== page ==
Hear Me Talkin' to Ya: The Story of Jazz as Told by the Men who Made it

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Courier Corporation, 1955 - Music - 429 pages
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"Music is your own experience, your thoughts, your wisdom. If you don't live it, it won't come out of your horn." ? Charlie Parker
"What is jazz? The rhythm ? the feeling." ? Coleman Hawkins
"The best sound usually comes the first time you do something. If it's spontaneous, it's going to be rough, not clean, but it's going to have the spirit which is the essence of jazz." ? Dave Brubeck
Here, in their own words, such famous jazz musicians as Louis Armstrong, King Oliver, Fletcher Henderson, Bunk Johnson, Duke Ellington, Fats Waller, Clarence Williams, Jo Jones, Jelly Roll Morton, Mezz Mezzrow, Billie Holiday, and many others recall the birth, growth, and changes in jazz over the years. From its beginnings at the turn of the twentieth century in the red-light district in New Orleans (or Storyville, as it came to be known), to Chicago's Downtown section and the Original Dixieland Jazz Band and Chicago's South Side to jam sessions in Kansas City to Harlem during the Depression years, the West Coast and modern developments, the story of jazz is vividly and colorfully documented in hundreds of personal interviews, letters, tape recorded and telephone conversations, and excerpts from previously printed articles that appeared in books and magazines.
There is no more fascinating and lively history of jazz than this firsthand telling by the men who made it. It should be read and re-read by all jazz enthusiasts, musicians, students of music and culture, students of American history, and other readers. "A lively book bearing the stamp of honesty and naturalness." ? Library Journal. "A work of considerable substance." ? The New Yorker. "Some of the quotations are a bit racy but they give the book a wonderful flavor." ? San Francisco Chronicle.

 

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Stories told by jazz musicians are always fascinating, and this book is one of the best collections of them out there. I've owned this book for most of my life and rarely does a year go by that I don't pick it up and read at least a few passages. Most of the greats are represented here, and their words are golden.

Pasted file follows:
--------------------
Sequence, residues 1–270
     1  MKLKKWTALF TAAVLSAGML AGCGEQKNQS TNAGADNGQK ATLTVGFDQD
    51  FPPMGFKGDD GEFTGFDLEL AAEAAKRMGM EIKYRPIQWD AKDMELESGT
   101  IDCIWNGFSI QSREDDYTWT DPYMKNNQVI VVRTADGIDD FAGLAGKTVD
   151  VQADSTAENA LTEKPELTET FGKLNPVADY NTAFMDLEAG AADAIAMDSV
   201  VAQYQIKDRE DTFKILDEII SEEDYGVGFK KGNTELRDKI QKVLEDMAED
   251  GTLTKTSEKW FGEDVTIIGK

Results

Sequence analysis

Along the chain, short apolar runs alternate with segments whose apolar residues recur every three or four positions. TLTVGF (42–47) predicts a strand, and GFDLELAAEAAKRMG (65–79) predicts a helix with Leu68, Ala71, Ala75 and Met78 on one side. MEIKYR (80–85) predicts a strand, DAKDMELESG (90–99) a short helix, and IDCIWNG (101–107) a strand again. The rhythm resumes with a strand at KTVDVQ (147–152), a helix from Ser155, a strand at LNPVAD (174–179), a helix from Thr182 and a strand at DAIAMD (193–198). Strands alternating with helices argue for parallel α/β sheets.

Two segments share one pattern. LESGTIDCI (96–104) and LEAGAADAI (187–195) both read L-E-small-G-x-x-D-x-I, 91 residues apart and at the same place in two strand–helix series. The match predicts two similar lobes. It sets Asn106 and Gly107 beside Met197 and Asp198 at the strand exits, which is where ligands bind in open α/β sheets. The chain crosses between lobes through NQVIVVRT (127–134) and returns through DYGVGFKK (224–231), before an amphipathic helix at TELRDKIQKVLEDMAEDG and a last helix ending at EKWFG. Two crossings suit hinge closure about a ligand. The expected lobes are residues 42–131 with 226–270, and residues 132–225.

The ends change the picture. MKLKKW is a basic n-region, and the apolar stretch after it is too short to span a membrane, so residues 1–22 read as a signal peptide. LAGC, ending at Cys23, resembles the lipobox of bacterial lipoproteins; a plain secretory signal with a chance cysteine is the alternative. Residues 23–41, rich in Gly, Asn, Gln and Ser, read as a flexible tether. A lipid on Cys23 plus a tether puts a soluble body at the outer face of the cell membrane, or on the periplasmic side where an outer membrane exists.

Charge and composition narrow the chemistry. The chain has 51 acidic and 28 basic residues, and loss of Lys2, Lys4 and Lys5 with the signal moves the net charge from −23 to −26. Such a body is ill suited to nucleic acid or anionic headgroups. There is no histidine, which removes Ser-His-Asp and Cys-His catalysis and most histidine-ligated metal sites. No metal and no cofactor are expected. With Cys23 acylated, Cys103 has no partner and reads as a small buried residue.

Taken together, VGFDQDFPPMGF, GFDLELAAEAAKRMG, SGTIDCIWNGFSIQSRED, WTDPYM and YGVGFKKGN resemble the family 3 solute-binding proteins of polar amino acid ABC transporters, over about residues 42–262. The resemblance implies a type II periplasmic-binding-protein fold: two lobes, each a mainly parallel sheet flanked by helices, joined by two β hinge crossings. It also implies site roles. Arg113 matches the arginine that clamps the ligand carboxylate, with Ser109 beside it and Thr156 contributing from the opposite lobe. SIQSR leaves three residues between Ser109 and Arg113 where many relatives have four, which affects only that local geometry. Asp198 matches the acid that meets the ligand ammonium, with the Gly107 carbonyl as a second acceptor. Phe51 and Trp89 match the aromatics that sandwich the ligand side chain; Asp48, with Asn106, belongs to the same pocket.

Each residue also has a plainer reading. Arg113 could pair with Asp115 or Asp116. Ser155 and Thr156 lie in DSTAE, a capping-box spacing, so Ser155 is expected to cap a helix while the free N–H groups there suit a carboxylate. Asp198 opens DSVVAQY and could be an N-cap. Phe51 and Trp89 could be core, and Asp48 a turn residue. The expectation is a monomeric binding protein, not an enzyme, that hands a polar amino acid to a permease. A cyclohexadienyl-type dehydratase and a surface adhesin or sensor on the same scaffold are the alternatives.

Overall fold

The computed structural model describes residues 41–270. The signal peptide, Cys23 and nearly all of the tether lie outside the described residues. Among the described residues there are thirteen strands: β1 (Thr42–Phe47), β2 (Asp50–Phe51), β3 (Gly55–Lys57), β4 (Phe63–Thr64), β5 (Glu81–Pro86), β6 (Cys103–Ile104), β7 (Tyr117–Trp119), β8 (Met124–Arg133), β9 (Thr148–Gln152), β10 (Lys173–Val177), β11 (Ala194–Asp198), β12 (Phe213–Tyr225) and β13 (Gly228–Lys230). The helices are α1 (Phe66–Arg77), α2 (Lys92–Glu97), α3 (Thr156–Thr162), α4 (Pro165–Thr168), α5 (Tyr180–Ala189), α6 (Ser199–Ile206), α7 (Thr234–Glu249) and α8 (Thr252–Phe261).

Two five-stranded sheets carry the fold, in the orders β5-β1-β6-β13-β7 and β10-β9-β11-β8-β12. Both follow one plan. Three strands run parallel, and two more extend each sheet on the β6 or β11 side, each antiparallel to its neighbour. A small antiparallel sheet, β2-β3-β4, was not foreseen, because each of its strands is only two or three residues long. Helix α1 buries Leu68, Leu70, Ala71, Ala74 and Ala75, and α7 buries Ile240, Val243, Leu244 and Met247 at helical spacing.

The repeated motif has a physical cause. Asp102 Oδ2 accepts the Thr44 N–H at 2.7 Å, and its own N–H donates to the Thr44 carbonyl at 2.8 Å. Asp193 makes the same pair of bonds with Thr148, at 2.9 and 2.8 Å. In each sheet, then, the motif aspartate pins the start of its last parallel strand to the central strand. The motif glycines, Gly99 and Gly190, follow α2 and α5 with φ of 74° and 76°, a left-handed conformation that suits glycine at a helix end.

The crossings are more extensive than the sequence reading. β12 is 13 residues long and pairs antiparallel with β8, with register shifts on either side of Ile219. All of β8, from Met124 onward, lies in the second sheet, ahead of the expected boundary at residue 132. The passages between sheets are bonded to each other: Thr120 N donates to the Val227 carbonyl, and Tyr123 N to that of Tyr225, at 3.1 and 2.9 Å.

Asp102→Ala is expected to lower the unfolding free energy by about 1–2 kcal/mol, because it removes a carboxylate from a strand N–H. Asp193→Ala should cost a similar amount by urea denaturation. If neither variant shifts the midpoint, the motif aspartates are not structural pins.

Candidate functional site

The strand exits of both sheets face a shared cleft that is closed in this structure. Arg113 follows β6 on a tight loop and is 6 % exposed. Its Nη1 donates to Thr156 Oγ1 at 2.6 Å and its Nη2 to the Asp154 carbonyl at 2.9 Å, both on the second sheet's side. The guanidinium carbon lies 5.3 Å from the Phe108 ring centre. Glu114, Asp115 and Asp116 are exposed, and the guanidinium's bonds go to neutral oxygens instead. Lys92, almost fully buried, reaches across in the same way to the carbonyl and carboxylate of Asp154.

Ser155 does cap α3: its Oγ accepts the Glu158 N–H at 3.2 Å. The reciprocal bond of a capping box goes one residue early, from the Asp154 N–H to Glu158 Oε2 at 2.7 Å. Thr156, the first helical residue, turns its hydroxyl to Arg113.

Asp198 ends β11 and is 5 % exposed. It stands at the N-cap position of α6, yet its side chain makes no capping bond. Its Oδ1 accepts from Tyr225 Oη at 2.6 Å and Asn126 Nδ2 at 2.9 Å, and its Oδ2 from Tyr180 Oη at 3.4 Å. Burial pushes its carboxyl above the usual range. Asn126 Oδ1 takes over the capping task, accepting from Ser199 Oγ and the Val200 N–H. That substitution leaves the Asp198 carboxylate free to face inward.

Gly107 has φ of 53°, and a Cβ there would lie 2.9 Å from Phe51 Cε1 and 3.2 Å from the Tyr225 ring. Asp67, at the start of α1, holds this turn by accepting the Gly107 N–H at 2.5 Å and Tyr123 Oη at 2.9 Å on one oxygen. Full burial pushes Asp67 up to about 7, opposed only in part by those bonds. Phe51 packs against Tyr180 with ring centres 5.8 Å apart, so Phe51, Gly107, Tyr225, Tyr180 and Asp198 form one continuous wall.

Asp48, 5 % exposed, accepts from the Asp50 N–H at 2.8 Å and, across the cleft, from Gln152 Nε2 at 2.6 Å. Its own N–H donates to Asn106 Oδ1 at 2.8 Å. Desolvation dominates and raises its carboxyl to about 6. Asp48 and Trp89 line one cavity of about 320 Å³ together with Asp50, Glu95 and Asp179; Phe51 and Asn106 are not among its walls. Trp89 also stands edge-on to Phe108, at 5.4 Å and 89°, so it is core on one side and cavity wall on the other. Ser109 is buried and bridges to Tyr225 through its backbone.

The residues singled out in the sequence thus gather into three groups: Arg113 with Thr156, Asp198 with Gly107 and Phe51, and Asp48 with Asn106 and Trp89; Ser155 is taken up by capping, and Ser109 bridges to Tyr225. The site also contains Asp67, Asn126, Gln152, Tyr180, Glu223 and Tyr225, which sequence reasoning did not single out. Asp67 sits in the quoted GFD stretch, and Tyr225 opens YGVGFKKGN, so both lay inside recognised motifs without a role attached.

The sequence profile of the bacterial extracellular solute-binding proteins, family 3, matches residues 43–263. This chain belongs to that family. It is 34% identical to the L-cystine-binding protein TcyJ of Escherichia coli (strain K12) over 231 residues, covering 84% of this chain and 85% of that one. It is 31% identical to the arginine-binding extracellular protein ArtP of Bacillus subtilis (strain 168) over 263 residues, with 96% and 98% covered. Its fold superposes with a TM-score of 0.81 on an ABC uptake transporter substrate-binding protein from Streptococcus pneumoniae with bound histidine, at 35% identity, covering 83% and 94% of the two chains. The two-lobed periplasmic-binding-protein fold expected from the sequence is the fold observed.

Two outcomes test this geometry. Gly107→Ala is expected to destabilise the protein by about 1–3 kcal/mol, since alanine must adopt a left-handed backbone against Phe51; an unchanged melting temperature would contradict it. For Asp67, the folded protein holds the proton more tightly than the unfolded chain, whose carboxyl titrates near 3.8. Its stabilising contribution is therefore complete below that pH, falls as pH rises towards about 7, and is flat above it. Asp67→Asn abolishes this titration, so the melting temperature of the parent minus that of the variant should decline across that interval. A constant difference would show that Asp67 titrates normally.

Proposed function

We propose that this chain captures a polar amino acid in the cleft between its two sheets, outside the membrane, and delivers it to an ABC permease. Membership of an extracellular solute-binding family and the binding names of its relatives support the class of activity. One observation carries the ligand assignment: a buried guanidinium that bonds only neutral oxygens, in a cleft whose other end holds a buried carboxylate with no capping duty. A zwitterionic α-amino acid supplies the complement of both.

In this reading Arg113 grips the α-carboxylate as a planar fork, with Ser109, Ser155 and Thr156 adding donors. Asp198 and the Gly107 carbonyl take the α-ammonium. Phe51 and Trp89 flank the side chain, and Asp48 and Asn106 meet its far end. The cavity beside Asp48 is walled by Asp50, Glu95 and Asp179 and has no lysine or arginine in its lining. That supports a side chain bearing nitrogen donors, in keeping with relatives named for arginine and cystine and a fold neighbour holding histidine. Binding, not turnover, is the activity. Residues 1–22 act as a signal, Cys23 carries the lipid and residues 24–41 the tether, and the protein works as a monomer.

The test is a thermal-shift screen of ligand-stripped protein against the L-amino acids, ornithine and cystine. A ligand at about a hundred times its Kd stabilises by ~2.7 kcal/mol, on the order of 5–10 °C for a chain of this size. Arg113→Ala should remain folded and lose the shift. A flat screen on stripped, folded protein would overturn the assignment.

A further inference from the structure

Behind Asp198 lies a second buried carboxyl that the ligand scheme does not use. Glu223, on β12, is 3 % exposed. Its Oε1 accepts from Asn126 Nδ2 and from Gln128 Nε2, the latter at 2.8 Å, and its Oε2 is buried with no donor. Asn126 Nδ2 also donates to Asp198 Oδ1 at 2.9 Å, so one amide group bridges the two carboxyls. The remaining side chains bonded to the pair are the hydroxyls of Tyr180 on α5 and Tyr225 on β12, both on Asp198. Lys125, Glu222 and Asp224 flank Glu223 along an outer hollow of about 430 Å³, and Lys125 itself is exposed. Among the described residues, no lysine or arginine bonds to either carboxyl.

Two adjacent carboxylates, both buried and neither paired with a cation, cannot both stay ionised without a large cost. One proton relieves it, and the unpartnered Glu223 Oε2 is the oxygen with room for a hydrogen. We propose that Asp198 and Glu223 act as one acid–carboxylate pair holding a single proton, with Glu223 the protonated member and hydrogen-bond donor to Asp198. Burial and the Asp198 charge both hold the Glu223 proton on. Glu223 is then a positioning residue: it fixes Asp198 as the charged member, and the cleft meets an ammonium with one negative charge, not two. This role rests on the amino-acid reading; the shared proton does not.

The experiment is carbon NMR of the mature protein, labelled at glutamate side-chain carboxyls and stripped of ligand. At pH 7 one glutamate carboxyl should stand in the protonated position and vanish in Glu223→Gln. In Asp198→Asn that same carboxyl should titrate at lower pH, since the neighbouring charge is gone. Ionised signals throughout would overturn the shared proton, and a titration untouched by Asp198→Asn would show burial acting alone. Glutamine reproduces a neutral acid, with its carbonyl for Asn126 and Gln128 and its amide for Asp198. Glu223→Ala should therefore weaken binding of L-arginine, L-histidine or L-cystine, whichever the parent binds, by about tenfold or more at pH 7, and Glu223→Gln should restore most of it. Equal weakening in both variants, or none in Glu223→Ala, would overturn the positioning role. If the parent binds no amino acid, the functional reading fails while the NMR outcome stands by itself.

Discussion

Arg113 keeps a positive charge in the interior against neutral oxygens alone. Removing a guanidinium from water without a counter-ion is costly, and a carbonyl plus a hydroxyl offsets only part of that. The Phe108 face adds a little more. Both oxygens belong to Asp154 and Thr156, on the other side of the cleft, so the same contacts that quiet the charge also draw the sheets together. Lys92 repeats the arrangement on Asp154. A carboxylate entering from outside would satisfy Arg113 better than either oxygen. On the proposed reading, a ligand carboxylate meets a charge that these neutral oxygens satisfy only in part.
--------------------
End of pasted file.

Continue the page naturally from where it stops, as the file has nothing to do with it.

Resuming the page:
Review: Hear Me Talkin' To Ya

User Review  - Takipsilim - Goodreads

Well done oral history on the origin and development of the great genre. Read full review

Contents

night stands commercialism and the breakdown of some
3
It was always a musical townspecially The District
4
For every occasiondances funerals parties and
14
The kids were poor and they often improvised their
26
Bunk Johnson King Oliver Louis Armstrong Kid Ory
34
and many more
80
Gang Muggsy Spanier George Wettling and Benny
115
more musicians and thenthe Chicago decline
128
New Yorks second linethe men who played with
269
From Kansas City a musicians town came stories
284
The experimentersThelonius Monk Dizzy Gillespie
335
10 Downtown Fiftysecond Street was the proving ground
359
About a problemnarcotics
371
New sounds from big bandsStan Kenton Woody
383
of the younger jazzmen and some serious composers
391
Coda
405

1o In a Mistthe legendary Bix
140
to Harlem which really jnrnpedon through
167
Ellington plays the piano but his real instrument is
224

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Page 421 - CHARLIE PARKER Music is your own experience, your thoughts, your wisdom. If you don't live it, it won't come out of your horn. They teach you there's a boundary line to music. But, man, there's no boundary line to art.

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About the author (1955)

Nat Hentoff is one of America's most prolific journalists. A music critic, civil libertarian, and free speech advocate, he has written more than twenty books of non-fiction and six novels. His scope includes jazz, politics, biography, education, freedom of expression, capital punishment, and the US Bill of Rights. He wrote a biography of John Cardinal O'Connor, the controversial archbishop of the Roman Catholic Diocese of New York. Hentoff's columns have appeared in such magazines as the Village Voice, Down Beat, Jazz Times, the Wall Street Journal, and Jewish World Review.

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